Medicus Mundi International
MMI appreciates the opportunity to address the EB. This statement is supported by PHM and TWN.
We are concerned about the proposed decision text.
On Genetic Sequence Data, we recall that the 2016 Expert Review Group recommended that the definition of the PIP biological material in the Framework be amended to explicitly include GSD.
The proposed decision text in EB144/23 falls short of this recommendation.
The proposed amendment of Footnote 1, Annex 2 does not address all benefit sharing loopholes identified, such as where a manufacturer only uses GSD throughout the product development process. In addition, we are concerned about the non-application of SMTA1 when GSD is shared, as well as the validity of existing SMTA2s which were signed in relation to receipt of PIP materials.
GSD is already part of the PIP Framework, with countries requested to share GSD in a timely manner. Hence, as with PIP materials, use of GSD should also trigger the different components of the Framework including SMTA1 and SMTA2. Failure to clarify that the PIP BM includes GSD undermines the “equal footing” principle of the Framework and thus pandemic preparedness.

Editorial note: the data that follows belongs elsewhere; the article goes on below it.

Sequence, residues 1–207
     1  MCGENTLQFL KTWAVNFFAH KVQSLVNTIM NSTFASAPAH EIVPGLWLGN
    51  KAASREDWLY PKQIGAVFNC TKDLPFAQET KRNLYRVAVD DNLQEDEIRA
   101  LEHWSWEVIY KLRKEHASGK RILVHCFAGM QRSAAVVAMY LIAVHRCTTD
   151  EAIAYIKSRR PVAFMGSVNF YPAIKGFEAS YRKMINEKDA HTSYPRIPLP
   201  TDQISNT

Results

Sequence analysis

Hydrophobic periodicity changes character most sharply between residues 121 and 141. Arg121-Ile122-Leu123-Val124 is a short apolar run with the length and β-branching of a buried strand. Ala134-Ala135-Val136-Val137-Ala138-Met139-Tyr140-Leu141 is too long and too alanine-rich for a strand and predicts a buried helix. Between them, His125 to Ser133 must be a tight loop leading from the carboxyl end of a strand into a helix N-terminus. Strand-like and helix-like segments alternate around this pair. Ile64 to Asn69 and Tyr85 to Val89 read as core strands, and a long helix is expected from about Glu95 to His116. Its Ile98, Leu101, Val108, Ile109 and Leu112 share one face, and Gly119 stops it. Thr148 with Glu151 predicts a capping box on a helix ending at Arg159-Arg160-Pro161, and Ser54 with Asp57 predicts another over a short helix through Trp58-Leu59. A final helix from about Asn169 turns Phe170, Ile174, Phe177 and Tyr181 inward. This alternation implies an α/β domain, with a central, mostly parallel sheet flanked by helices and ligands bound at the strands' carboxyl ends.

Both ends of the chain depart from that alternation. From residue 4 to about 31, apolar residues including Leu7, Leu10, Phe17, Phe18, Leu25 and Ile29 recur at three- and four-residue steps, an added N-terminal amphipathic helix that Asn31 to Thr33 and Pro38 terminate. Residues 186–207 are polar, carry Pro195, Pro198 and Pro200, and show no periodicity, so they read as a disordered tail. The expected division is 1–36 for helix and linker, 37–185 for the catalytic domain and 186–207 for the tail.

On seasonal flu viruses, we are concerned about the negative language concerning the Nagoya Protocol in the draft decision text. As shown by the PIP Framework, the Nagoya Protocol brings significant opportunities and benefits for public health.
Seasonal viruses should not be included in the PIP Framework as it will unravel the entire Framework. In addition, rather than pointing fingers at the Nagoya Protocol, the EB should consider setting up an intergovernmental process to develop a mechanism for virus and benefit sharing on equal footing, specifically with regard to seasonal flu viruses.